This was my dad’s spot. He went to Elaine’s when she first opened her restaurant uptown in the Sixties, and later hung out at a place called Herb Evans, which was on the corner of 64th street and Broadway. Then, he and his gang settled on The Ginger Man, which was just down the block from Herb Evans. The Ginger Man opened in the mid-Sixties and became the place to be around Lincoln Center.
According to everyone that I’ve spoken with who was there back in those days, The Ginger Man made the best hamburgers in New York. My old man spent many afternoons at the bar in the early-to-mid Seventies, telling stories and getting drunk instead of working. He was an operator and a dreamer. At one point, he had his own phone at the bar, the only guy to pull off that stunt.
Years later, when I was ten, eleven years old, the old man would take my brother and me to the bar. My twin sister must have come too, but I don’t remember her being there. It never occured to me that there was anything suspect about a man bringing his kids to a bar. It wasn’t a seedy place. It felt sophisticated.
The place smelled grown up, salty, of olives and alcohol. The bartenders were all nice and happy to see us–one taught us how to twist a lime around the rim of our glasses. My brother and I would “get drunk” on Coca Cola. We ate the salted peanuts at the bar, and, occasionally, warm potato chips that came straight from the kitchen. We wore Ginger Man t-shirts and felt grown up being there.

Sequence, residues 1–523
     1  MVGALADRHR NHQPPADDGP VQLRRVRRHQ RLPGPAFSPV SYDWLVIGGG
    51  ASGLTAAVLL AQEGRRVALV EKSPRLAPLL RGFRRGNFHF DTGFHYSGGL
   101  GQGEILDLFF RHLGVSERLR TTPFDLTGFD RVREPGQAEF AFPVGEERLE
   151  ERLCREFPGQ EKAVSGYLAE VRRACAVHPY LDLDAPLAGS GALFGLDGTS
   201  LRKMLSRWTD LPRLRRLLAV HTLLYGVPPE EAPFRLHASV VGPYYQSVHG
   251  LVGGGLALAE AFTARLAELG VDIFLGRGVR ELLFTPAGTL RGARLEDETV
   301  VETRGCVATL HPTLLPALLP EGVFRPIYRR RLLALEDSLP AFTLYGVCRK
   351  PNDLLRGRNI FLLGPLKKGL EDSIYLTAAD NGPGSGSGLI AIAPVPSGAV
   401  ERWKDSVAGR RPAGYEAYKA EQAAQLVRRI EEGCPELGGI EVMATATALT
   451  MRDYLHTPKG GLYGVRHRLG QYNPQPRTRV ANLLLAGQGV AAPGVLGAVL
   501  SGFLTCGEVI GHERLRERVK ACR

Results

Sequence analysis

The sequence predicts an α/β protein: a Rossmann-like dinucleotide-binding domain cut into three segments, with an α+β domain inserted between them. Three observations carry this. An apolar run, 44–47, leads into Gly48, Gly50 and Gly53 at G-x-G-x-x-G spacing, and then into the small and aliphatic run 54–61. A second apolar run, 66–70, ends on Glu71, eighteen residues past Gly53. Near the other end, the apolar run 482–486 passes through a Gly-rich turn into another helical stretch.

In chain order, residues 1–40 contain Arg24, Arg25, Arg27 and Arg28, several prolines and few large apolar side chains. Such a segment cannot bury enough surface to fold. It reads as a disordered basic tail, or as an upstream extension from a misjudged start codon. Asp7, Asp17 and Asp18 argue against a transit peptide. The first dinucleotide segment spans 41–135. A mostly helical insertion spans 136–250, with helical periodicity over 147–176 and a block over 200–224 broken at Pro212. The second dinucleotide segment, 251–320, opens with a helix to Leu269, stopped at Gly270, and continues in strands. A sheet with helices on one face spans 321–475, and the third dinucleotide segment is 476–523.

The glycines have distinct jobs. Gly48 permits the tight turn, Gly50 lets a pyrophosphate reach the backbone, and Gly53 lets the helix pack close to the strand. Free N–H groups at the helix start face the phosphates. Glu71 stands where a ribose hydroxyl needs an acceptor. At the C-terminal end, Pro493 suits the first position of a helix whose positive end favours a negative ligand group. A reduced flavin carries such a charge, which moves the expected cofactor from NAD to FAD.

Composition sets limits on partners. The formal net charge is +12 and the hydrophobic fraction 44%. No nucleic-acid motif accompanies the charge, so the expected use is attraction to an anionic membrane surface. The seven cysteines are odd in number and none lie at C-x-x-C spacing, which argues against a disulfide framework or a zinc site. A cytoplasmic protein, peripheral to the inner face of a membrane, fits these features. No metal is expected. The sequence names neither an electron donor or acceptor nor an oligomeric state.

My old man remained friendly with Mike O’Neal, who along with his brother, the late actor Patrick O’Neal, ran the place. Dad got sober in 1983 and lost touch with Mike. The Ginger Man eventually closed, and the old man later rekindled a relationship with Mike before O’Neal re-opened the spot as O’Neals. They remained close over the last five or six years of my dad’s life.
I went to visit Mike last month. We met on a Saturday afternoon after the matinee rush and spoke for several hours. I learned much of his story and the history of the joint. (The brothers also owned O’Neals Ballon, which was directly across the street from Lincoln Center; the last scene in “Annie Hall,” where Woody tells the joke about needing the eggs, was filmed in O’Neals, as was the pick-up scenes in “Sea of Love”). He was happy to talk about my old man who he misses. His affection for my dad was genuine.
When we were finished, Mike walked me to the door. He uses a cane now. As I went out into the cold, I looked inside and saw Mike turn around. A couple moved past me, through the front door, and I heard the man say, “This used to be The Ginger Man.”